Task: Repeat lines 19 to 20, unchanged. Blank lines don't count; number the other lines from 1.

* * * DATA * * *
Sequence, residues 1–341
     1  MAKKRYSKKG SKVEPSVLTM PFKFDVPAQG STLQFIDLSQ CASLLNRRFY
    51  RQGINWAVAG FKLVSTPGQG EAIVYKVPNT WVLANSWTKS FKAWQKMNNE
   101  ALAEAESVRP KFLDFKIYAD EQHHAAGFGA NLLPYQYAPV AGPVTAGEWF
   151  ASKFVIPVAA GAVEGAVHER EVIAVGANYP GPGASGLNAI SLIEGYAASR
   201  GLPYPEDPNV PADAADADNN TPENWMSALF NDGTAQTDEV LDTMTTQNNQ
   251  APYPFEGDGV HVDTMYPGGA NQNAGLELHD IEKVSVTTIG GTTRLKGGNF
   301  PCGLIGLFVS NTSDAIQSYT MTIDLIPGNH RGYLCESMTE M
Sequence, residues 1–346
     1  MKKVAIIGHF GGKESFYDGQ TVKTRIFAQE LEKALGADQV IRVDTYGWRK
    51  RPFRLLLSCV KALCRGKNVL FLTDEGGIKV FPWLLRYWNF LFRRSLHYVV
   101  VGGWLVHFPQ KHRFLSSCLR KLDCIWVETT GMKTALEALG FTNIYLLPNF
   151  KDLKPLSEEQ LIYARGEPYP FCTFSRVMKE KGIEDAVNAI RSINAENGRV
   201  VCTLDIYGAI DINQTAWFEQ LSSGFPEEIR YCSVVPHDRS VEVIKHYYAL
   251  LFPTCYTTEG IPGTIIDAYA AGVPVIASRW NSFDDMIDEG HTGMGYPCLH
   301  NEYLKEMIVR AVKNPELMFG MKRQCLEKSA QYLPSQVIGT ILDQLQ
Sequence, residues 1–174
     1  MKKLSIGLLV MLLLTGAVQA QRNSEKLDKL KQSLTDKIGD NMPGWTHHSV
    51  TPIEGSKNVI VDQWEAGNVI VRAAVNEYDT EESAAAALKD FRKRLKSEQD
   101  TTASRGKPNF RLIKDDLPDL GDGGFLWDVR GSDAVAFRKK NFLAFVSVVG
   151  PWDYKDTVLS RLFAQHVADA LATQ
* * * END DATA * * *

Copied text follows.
    51  TPIEGSKNVI VDQWEAGNVI VRAAVNEYDT EESAAAALKD FRKRLKSEQD
   101  TTASRGKPNF RLIKDDLPDL GDGGFLWDVR GSDAVAFRKK NFLAFVSVVG